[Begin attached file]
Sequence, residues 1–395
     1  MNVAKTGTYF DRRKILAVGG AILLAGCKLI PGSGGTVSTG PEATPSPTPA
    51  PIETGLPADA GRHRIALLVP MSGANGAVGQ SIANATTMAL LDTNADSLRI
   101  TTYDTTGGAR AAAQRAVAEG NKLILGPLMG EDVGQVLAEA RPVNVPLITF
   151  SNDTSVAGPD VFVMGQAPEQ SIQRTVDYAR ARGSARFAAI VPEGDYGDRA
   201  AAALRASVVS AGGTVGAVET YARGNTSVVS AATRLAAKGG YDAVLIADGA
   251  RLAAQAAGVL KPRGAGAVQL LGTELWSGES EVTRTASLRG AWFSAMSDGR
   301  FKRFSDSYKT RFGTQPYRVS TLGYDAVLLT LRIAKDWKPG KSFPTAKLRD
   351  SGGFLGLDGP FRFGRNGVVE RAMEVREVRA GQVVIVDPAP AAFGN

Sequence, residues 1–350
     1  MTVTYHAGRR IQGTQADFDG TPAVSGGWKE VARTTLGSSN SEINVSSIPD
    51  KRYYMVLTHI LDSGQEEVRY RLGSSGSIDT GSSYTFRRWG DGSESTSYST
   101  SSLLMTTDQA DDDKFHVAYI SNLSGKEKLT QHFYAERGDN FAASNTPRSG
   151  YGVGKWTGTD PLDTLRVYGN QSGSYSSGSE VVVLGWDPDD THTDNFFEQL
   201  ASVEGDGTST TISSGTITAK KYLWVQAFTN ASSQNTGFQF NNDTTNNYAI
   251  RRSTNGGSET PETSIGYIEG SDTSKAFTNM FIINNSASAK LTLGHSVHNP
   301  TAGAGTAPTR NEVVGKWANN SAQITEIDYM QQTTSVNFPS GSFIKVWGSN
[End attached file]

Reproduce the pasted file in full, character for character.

Sequence, residues 1–395
     1  MNVAKTGTYF DRRKILAVGG AILLAGCKLI PGSGGTVSTG PEATPSPTPA
    51  PIETGLPADA GRHRIALLVP MSGANGAVGQ SIANATTMAL LDTNADSLRI
   101  TTYDTTGGAR AAAQRAVAEG NKLILGPLMG EDVGQVLAEA RPVNVPLITF
   151  SNDTSVAGPD VFVMGQAPEQ SIQRTVDYAR ARGSARFAAI VPEGDYGDRA
   201  AAALRASVVS AGGTVGAVET YARGNTSVVS AATRLAAKGG YDAVLIADGA
   251  RLAAQAAGVL KPRGAGAVQL LGTELWSGES EVTRTASLRG AWFSAMSDGR
   301  FKRFSDSYKT RFGTQPYRVS TLGYDAVLLT LRIAKDWKPG KSFPTAKLRD
   351  SGGFLGLDGP FRFGRNGVVE RAMEVREVRA GQVVIVDPAP AAFGN

Sequence, residues 1–350
     1  MTVTYHAGRR IQGTQADFDG TPAVSGGWKE VARTTLGSSN SEINVSSIPD
    51  KRYYMVLTHI LDSGQEEVRY RLGSSGSIDT GSSYTFRRWG DGSESTSYST
   101  SSLLMTTDQA DDDKFHVAYI SNLSGKEKLT QHFYAERGDN FAASNTPRSG
   151  YGVGKWTGTD PLDTLRVYGN QSGSYSSGSE VVVLGWDPDD THTDNFFEQL
   201  ASVEGDGTST TISSGTITAK KYLWVQAFTN ASSQNTGFQF NNDTTNNYAI
   251  RRSTNGGSET PETSIGYIEG SDTSKAFTNM FIINNSASAK LTLGHSVHNP
   301  TAGAGTAPTR NEVVGKWANN SAQITEIDYM QQTTSVNFPS GSFIKVWGSN